TAM Airlines has expanded its contract with
OnAir, the in-flight connectivity service provider, to equip a
range of single-aisle aircraft this year.
Following a successful
pilot project, TAM will install OnAir's on-board connectivity
system in 26 aircrafts, allowing passengers to telephone, text,
and browse the Internet using their own BlackBerrys or
The connected aircraft are expected to start
flying in the second half of this year. TAM will set up a
dedicated production line to install the system on the Airbus
A319, A320, and A321 aircraft at its Technological Center in São
Carlos, State of São Paulo. All the aircraft operate domestic
routes and will fly to most of the 45 destinations covered by TAM
"The high use of on-board connectivity
by our passengers has encouraged us to invest further. We noted
our clients want and need to be connected while flying. To that
end, we are increasing the number of aircrafts with the OnAir
system to offer our customers a more complete flying experience",
said Manoela Amaro, TAM Airlines' Marketing Officer.
TAM is one of the first airlines in the Americas to offer on-board
mobile phone services. Since October 2010, one Airbus A321 -
operating between São Paulo/Guarulhos, Recife, Natal, Fortaleza,
Salvador and Porto Alegre - has been equipped with the OnAir
system. The service, based on Inmarsat SwiftBroadband, allows
passengers to connect to a cellular network from their personal
Globally, the system has already
proven itself on more than 150,000 flights to 356 cities,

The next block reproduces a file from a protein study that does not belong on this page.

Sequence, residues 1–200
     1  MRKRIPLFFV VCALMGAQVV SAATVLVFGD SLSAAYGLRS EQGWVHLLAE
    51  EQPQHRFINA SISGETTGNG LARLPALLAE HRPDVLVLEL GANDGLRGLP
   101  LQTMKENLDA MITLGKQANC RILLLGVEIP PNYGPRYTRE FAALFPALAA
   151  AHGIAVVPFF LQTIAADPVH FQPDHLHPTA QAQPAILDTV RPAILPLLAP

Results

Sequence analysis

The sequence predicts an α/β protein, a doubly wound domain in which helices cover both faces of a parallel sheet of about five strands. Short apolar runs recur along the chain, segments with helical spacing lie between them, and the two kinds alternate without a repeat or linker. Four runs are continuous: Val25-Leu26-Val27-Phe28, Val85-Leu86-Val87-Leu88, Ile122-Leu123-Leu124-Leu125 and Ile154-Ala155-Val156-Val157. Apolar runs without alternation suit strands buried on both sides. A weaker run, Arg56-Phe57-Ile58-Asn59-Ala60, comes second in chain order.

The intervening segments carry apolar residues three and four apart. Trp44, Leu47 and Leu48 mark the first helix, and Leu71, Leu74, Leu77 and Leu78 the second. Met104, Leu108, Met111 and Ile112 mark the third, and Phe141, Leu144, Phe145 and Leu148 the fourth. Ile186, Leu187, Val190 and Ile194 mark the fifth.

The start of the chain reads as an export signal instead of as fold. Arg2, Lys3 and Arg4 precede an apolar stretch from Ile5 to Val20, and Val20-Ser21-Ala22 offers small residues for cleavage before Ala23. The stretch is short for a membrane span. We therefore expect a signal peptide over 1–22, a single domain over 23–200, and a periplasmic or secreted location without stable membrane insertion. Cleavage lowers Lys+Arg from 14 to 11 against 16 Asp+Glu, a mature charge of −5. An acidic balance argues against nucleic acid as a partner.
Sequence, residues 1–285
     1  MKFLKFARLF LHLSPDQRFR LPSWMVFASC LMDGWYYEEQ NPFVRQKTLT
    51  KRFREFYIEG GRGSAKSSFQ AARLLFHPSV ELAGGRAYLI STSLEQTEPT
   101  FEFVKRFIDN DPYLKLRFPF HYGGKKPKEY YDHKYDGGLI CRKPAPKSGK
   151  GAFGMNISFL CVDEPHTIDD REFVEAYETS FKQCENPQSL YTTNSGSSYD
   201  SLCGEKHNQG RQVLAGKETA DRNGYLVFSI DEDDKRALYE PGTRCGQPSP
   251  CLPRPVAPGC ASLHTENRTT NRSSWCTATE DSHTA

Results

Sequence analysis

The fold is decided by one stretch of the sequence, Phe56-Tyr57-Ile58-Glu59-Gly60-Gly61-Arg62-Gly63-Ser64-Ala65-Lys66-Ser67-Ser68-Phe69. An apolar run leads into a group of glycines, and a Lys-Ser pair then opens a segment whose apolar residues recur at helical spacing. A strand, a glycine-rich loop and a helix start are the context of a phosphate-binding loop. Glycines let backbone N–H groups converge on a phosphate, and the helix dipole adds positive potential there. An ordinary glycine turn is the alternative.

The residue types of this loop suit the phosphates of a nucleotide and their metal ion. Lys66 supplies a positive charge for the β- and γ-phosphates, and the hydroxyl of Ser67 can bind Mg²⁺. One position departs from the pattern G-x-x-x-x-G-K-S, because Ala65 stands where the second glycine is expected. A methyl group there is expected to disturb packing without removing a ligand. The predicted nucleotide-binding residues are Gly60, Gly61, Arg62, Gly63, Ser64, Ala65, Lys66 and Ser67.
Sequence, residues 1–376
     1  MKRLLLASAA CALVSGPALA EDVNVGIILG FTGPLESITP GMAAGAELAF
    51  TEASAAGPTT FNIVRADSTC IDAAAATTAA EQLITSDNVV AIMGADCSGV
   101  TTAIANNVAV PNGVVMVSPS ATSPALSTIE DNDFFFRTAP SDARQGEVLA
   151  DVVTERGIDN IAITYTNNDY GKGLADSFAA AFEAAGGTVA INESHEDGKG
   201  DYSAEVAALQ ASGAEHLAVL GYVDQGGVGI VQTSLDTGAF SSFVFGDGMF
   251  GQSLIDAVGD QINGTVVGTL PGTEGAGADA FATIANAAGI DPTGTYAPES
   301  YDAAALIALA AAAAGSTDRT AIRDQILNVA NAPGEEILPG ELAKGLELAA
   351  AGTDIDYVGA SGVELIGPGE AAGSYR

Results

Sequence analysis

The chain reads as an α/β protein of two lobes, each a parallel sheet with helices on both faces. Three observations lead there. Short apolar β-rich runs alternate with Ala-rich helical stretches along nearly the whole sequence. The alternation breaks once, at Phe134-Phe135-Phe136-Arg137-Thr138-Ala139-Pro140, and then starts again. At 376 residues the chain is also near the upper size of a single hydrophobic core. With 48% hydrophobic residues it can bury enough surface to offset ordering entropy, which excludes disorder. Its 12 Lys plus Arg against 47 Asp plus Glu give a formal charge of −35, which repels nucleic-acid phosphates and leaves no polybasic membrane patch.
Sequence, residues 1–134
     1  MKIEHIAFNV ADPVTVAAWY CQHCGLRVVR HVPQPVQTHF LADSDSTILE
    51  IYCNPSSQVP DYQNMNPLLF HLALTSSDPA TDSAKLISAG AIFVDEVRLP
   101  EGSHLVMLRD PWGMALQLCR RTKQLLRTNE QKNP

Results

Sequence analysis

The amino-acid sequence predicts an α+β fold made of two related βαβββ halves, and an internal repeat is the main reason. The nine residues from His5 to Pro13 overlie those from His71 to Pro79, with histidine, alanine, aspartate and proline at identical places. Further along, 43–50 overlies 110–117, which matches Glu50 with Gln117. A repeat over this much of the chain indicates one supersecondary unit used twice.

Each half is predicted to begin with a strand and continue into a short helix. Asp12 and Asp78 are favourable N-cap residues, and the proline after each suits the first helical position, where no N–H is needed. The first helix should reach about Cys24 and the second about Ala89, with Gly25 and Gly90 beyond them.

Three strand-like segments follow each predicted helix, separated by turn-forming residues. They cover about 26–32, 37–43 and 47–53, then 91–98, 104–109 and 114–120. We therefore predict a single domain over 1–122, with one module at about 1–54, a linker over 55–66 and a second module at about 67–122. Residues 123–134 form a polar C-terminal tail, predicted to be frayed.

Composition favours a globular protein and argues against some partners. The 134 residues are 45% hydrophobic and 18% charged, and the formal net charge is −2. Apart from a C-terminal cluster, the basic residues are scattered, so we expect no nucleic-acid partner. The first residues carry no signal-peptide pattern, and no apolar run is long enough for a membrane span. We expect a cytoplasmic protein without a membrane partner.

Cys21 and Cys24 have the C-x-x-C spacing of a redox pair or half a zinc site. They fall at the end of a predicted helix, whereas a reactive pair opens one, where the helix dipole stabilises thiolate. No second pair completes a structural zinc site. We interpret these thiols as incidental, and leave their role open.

connecting passengers in 83 countries with roaming agreement with
more than 250 mobile network operators.
connectivity has reached a tipping point," said Ian Dawkins, Chief
Executive Officer of OnAir. "It's now a must-have for airlines and
no longer just a nice-to-have."
The service allows
as many as eight TAM passengers to make and receive calls
simultaneously on a flight, with no limits on data and text messaging. Mobile phones work in exactly the same way as in
international roaming and can be activated as soon as the aircraft
reaches an altitude of 4,000 metres (13,000 feet). Passengers can
also use their Smartphones or BlackBerrys onboard to access e-mails
or surf the internet. Usage is charged directly by the mobile
network provider to the passenger's phone bill. Rates are set by
his or her usual provider.
"The more passengers
become aware that they can stay connected while in the air, the
greater our understanding of the services they demand and the
faster airlines are learning that connectivity is now an integral
part of the onboard experience," Dawkins added. "TAM's pilot
project underlines the phenomenal interest of passengers in the
service when given the opportunity to stay connected."
The system provides complete aircraft safety by preventing any
interference between mobile phone signals, mobile infrastructures
on the ground and the aircraft's commands. If necessary, the OnAir
system can be turned off by the aircraft's crew at any time.
During takeoff and landing passengers will be instructed to switch
off their electronic devices.
TAM Airlines received
technical approval from the Brazilian National Agency of Civil
Aviation (ANAC) and OnAir has received the authorisation to
operate the service by the Brazilian National Telecommunications
Agency (Anatel). The system has also been certified by the
European Aviation Safety Agency (EASA) and its use was recently
approved by the European Union.
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